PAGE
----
46 Ohio nurses did not defend themselves?!

 

Yesterday, I attended the January meeting of the Ohio Board of Nursing.  On the morning agenda, the Members of Nursing Board voted to issue a Notice of Opportunity for Hearing, Notice of Immediate Suspension, or Notice of Automatic Suspension to over 60 nurses.

Additionally, the Nursing Board voted to impose a final disciplinary sanction (suspension, revocation, or limitation) on over 100 nurses’ professional licenses in Ohio.  I was struck and saddened to learn that in 46 casesthe nurse failed to request a hearing and never introduced ANY evidence in their defense.

If a nurse fails to request a hearing, the Nursing Board is authorized to impose any sanction from dismissal of the case to permanent revocation of the nurse’s license.  If a nurse fails to request a hearing, the nurse may not submit any evidence in their defense.

It cannot be understated the positive effect that can result when a nurse presents “their side of the story”, explains what happened, and puts the Nursing Board’s allegations into context.  The Nursing Board members like to see that the nurse understands the gravity of the allegations, accepts responsibility (where warranted), and fights for their license.  In certain instances, where the nurse presents evidence rebutting or refuting the Nursing Board’s charges, the Nursing Board has been known to dismiss certain counts in the Notice or dismiss an entire case against the nurse.

At the meeting yesterday, based on mitigating evidence that was introduced in one case, the Nursing Board modified the recommendation of the Hearing Examiner from a 6 month suspension to no suspension and simply placed the nurse on probation.

As a nurse, you have worked hard for your professional license.  If you are notified by the Nursing Board that they propose to take an action against your license, request a hearing and defend yourself.  While you may represent yourself before the Nursing Board, please note that the Nursing Board will be represented by an attorney from the Office of the Ohio Attorney General who will prosecute the case on behalf of the Nursing Board.  It is recommended that you should also have experienced counsel to represent you in this stressful and difficult process.

If you have any questions about this blog post or the Ohio Board of Nursing in general, please feel free to contact one of the attorneys at the Collis Law Group, LLC at 614-486-3909 or email me at beth@collislaw.com.

How to request a hearing with the Ohio Board of Nursing

On November 20-22, 2013, the Ohio Board of Nursing met for its bi-monthly meeting. At that meeting, the Board voted to issue Notices of Opportunity for Hearing to over 80 nurses in Ohio.  The Notices either proposed to take a disciplinary action against a nurse for an alleged violation or Automatically or Immediately suspended certain nurses’  licenses based on an alleged violation of the Board’s laws and rules.  If you received a Notice of Opportunity for Hearing or a Notice of Suspension  from the Nursing Board, there are important deadlines, which if missed, can have significant consequences.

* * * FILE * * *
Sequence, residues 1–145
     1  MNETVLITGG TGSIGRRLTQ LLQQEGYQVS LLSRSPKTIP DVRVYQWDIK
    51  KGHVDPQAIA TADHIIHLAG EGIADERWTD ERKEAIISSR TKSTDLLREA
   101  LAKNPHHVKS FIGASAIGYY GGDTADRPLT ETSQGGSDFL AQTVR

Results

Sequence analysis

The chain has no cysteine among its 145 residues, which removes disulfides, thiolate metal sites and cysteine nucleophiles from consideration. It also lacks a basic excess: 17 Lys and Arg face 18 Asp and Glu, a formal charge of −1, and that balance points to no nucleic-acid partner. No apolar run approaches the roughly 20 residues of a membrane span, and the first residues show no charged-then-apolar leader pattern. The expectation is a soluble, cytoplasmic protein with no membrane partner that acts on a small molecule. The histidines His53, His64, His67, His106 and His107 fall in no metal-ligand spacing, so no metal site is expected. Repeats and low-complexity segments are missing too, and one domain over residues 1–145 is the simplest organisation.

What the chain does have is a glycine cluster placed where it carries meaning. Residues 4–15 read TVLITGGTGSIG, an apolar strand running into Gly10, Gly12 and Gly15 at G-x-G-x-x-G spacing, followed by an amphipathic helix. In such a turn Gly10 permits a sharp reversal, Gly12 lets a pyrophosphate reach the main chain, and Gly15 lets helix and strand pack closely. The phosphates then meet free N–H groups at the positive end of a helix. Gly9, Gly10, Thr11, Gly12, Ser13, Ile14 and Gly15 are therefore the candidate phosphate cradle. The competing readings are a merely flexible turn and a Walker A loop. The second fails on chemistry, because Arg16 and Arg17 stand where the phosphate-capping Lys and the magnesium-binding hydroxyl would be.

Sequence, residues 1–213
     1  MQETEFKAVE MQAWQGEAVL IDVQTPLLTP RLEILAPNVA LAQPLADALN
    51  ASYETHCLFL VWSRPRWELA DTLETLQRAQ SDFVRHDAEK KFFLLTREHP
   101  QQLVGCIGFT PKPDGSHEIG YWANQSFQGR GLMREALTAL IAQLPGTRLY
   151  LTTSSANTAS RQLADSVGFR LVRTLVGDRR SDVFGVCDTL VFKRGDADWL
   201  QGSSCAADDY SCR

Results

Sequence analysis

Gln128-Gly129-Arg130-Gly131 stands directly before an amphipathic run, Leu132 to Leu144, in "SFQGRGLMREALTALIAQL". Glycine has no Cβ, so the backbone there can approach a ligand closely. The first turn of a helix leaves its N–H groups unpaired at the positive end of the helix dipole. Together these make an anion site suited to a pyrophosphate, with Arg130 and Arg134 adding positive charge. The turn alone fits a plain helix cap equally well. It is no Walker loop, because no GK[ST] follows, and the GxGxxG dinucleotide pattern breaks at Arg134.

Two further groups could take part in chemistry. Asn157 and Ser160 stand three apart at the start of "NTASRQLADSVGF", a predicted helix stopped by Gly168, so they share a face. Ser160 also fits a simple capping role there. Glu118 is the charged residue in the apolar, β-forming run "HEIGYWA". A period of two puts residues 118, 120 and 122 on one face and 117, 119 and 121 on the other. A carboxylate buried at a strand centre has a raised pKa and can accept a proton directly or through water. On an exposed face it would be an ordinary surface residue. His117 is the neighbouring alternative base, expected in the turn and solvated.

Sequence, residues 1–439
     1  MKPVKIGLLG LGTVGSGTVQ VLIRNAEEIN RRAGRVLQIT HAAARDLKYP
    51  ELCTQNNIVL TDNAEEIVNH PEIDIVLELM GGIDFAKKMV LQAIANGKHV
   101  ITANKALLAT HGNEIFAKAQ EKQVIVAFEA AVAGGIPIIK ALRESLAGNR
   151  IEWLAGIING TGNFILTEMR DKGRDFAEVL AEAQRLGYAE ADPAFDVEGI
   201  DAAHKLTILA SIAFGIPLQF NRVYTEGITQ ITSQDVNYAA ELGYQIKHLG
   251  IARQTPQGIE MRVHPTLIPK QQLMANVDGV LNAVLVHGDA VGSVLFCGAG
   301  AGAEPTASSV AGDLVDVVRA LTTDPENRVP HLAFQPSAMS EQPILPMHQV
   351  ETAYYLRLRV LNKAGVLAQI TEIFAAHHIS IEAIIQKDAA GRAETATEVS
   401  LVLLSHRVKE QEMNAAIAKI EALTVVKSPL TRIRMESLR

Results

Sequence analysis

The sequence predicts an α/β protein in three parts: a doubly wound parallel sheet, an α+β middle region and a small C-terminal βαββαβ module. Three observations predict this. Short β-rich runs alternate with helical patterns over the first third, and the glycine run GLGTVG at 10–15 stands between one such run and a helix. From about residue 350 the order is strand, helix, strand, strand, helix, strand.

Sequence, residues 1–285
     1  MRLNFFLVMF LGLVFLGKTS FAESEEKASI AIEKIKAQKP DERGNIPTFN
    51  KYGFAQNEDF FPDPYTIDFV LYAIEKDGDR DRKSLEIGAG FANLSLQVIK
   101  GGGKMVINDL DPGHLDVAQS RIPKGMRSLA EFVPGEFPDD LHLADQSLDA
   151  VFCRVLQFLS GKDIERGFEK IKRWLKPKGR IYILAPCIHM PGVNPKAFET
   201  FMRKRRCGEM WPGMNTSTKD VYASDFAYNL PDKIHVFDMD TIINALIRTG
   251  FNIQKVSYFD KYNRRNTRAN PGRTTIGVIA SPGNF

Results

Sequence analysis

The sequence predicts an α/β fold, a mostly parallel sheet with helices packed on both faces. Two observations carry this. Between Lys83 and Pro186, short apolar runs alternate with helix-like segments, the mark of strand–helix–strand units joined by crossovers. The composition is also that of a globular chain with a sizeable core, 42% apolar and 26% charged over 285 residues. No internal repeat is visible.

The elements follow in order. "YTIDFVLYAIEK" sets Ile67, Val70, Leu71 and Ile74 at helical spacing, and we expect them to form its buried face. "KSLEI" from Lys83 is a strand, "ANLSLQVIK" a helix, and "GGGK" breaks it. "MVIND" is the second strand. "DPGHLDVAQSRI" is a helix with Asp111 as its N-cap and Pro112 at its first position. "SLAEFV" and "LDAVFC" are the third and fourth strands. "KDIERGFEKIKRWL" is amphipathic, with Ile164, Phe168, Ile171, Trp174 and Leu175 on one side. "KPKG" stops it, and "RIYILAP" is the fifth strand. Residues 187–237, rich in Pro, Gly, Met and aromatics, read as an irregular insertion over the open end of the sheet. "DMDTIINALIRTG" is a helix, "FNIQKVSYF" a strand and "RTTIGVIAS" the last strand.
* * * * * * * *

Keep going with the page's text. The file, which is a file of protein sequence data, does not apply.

First, whether the allegations in the Notice are true or not, in order to preserve your right to a hearing, you must request a hearing in writing. The Notice contains instructions on how to request a hearing. It is imperative that you request a hearing in writing within 30 days of the mailing of the Notice to you (not from the date you receive the Notice)  If you do not request a hearing in writing within such period you will be prevented from providing any information or evidence on your behalf.   In the request for the hearing, you simply need to state “I am writing to request a hearing.”  It is also a good idea to follow-up with the Board via phone to ensure that they received your request for a hearing within the required time frame.

Then, you should consider hiring experienced legal counsel to defend you before the Board. The Nursing Board is represented by the Office of the Ohio Attorney General and also employs several in-house enforcement attorneys. In addition, all hearings are held before attorney hearing examiners. So, if you choose to represent yourself at a hearing, you may be the only non-attorney who participates in the hearing process. It’s your professional license at stake. It is important to find experienced counsel to assist in your defense.  Check out earlier posts where I provide guidance on how to hire experienced legal counsel to assist you.

As always, if you have any questions about this post or about the Ohio Board of Nursing in general, please feel free to contact me at 614-486-3909 or email me at beth@collislaw.com.